NewsEuropeDemonstrations in northern Kosovo leave dozens of civilians and NATO soldiers injured

    Demonstrations in northern Kosovo leave dozens of civilians and NATO soldiers injured

    The international force mission for Kosovo (KFOR) reported on Monday that its troops suffered injuries after a clash with Serb protesters in the town of Zvecan, in the north of the country. In turn, more than 50 civilians were injured in the confrontations.

    “Several soldiers from the Italian and Hungarian KFOR contingent were subjected to unprovoked attacks and suffered traumatic injuries with fractures and burns due to the explosion of incendiary devices,” the NATO-led KFOR mission said in a statement.

    Reports indicate that a conglomerate of Serbs were trying to break into the government buildings of the municipality, which were guarded by international troops and the Kosovar Police. Law enforcement proceeded to repel the Serb protesters with pepper spray.

    Serbian President Aleksandar Vučić announced that 52 Serbs were wounded and mentioned that he would spend the night with troops he deployed to the Kosovo border, which were ordered to “highest alert level” last week.

    Clashes between soldiers and protesters in Zvecan, Kosovo, Monday, May 29, 2023. © AFP/ STR

    “I repeat for the last time and I beg the international community to make Albin Kurti see reason,” Vučić declared, referring to the Kosovo prime minister.

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    Zvecan is one of the municipalities in northern Kosovo, with an ethnic Serb majority, where its inhabitants have rejected the election of Albanian governors in their municipality since last week, prompting KFOR troops to intensify their presence in the region.

    “This morning, the NATO-led KFOR mission has increased its presence in four municipalities in northern Kosovo following the latest events in the area,” the international mission said in its statement.

    Leposavić is another municipality where the international presence has increased in recent days, with US peacekeepers guarding government buildings with a barbed wire fence, aiming to prevent intrusion by Serb protesters.

    Kosovo must “de-escalate” tensions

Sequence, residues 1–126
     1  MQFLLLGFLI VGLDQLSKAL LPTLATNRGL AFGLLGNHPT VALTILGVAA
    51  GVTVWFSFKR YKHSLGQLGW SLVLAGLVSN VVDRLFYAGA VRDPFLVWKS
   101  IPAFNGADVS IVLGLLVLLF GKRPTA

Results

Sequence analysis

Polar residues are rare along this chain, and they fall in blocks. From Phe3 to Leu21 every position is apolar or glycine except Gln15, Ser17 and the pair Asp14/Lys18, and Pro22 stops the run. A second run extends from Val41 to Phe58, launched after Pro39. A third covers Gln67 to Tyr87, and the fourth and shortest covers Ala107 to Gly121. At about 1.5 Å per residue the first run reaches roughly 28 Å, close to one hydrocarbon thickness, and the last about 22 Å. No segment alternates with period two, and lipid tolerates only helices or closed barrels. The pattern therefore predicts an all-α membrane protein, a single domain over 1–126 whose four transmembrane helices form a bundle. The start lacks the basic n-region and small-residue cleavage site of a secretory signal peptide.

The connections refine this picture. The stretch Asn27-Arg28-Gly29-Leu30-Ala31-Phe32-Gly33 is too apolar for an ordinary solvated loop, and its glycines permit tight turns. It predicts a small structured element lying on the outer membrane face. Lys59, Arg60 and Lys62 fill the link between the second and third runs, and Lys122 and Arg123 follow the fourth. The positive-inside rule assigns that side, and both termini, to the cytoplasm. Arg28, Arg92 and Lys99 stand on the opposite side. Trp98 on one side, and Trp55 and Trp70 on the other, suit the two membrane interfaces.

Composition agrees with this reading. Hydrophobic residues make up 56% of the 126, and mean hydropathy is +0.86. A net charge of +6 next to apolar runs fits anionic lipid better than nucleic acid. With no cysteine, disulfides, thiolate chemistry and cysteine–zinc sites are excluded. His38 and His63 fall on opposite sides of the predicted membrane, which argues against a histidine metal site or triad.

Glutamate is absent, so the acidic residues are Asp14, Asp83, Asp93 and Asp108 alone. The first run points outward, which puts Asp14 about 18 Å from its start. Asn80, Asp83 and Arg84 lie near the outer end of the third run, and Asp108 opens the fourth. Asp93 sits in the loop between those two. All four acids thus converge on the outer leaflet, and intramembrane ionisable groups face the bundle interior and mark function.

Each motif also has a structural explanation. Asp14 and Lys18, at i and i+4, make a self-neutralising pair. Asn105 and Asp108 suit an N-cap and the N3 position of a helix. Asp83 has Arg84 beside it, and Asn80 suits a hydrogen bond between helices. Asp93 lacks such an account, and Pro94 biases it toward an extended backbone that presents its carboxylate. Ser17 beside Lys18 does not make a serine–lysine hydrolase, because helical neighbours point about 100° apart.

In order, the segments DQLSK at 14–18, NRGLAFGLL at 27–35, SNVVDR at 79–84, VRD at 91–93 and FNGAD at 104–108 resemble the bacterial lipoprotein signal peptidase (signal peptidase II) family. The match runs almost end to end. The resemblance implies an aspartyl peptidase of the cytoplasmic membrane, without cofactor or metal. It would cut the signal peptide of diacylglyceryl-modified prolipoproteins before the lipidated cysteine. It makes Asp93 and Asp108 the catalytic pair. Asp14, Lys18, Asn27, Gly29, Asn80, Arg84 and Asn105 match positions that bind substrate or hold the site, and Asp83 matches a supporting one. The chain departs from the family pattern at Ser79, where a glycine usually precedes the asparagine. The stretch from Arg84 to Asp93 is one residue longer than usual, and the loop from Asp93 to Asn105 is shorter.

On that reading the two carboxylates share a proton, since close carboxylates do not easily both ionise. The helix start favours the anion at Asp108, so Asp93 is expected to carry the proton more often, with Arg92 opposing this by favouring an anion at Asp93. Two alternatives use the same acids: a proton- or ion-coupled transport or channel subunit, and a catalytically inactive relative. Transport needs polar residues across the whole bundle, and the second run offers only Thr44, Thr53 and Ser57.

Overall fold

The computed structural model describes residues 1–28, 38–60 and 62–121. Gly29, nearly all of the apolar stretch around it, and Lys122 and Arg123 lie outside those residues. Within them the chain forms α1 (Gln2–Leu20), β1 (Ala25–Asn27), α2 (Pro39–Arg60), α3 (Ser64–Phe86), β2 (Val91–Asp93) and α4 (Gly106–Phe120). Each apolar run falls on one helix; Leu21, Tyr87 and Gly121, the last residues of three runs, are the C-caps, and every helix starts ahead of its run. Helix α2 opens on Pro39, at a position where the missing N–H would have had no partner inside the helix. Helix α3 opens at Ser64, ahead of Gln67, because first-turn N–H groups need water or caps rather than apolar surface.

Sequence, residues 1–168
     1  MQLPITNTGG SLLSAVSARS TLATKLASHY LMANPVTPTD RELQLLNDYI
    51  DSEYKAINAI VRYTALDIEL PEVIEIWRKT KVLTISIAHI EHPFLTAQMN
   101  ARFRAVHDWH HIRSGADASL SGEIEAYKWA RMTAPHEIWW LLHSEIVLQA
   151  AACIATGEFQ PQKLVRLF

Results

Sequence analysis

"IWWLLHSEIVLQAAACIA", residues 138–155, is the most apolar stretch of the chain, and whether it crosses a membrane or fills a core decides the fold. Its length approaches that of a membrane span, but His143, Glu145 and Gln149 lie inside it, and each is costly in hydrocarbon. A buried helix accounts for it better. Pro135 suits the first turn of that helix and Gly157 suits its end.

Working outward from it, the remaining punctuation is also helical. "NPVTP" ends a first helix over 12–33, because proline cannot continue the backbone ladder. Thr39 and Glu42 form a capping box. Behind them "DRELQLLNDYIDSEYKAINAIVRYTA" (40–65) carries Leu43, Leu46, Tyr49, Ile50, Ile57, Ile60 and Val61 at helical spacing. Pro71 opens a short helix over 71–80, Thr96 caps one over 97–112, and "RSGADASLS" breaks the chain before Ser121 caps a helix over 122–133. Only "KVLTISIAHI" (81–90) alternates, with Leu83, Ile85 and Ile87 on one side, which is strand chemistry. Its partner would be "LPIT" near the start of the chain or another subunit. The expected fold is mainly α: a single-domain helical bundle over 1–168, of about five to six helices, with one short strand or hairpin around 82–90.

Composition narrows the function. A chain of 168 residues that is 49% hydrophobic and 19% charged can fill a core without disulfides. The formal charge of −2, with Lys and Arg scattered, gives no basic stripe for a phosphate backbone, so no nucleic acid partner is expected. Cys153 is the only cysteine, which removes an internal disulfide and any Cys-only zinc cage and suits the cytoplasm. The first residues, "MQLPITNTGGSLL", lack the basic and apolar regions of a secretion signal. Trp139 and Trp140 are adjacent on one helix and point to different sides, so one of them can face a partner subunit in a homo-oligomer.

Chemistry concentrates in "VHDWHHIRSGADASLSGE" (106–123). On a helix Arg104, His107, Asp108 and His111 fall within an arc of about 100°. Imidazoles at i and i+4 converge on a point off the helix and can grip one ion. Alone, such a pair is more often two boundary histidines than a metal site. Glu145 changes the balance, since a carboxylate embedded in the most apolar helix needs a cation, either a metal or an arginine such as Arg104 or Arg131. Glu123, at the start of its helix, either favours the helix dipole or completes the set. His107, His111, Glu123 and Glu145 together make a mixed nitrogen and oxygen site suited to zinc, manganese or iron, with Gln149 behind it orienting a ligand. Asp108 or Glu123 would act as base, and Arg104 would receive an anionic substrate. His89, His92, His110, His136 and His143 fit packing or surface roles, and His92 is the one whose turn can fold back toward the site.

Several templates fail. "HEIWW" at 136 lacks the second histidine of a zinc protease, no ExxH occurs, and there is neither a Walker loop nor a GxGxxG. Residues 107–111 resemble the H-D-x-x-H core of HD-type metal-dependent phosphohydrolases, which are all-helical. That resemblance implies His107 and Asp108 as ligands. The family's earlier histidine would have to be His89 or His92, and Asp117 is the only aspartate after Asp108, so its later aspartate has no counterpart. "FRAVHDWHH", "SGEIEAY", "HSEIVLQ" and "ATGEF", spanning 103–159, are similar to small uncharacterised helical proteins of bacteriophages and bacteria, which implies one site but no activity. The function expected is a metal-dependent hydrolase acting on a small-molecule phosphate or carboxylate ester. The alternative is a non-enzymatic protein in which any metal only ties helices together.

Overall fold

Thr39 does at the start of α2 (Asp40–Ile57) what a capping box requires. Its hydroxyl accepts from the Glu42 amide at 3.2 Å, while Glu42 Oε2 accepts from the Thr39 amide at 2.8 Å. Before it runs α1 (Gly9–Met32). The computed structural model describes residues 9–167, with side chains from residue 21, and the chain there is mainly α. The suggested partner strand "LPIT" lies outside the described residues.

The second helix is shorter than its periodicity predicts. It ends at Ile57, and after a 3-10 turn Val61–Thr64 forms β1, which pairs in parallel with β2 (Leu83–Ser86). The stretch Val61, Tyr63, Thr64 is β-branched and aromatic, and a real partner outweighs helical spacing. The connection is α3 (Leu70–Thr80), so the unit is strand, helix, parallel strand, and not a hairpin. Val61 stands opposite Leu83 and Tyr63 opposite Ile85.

Western bloc leaders have criticized the Kosovo government for raising tensions with Serbia, in a conflict that has been stuck for decades without a solution.

    Through a post on Twitter last Sunday, Jens Stoltenberg, NATO Secretary General, called for dialogue between the two parties and asked the Pristina government not to “take unilateral and destabilizing steps.”

    Similarly, the person in charge of foreign policy of the European Union, Josep Borrell, spoke by telephone with the prime minister of Kosovo and assured that “the elected governors will provide their services to all citizens.”

    On the other hand, Russian Foreign Minister Sergei Lavrov described the situation in Kosovo as “worrying” and blamed the US and NATO intervention in the region for the instability in relations between Serbia and Kosovo.

    “A big ‘explosion’ is brewing in the center of Europe, in the very place where, in 1999, NATO carried out the aggression against Yugoslavia,” Lavrov told a news conference in the Kenyan capital.

    A frozen conflict after the disintegration of Yugoslavia

    Although approximately 90% of the population in Kosovo is ethnically Albanian, the north of Kosovar territory is made up mostly of inhabitants who conceive of themselves as Serbs and who refuse to recognize the Kosovar declaration of independence from Serbia, promulgated in 2008.

    A boy walks past a mural reading "Kosovo is Serbia, Crimea is Russia" in a Serb area of ​​Mitrovica, Kosovo.
    A boy walks past a mural reading “Kosovo is Serbia, Crimea is Russia” in a Serb area of ​​Mitrovica, Kosovo. © AFP / Armend Nimani

    Serbs in northern Kosovo advocate the implementation of a plan brokered by the European Union in 2013, which proposes the creation of autonomous municipalities governed by local governments financed by Belgrade. However, the Kosovo government has rejected the plan and calls for regular elections in those towns.

    Municipal elections in Kosovo were held in April. However, only 3.5% of the population in these northern towns participated in the elections, which resulted in Albanian governors winning, but which have generated a feeling of illegitimacy in the inhabitants.

    Serbs and Albanians are embroiled in an ethnic confrontation that began since the breakup of Yugoslavia in the 1990s and after former Serbian president Slobodan Mološević’s campaign against Kosovo.

    Now, more than 20 years after NATO’s intervention in the region to stop the exchange of arms and seek to stabilize the relations of the different nations, the differences between Kosovo and Serbia are once again coming to the fore.

    With Reuters, AP and local media

    Source: France 24

    This post is posted by Awutar staff members. Awutar is a global multimedia website. Our Email: [email protected]


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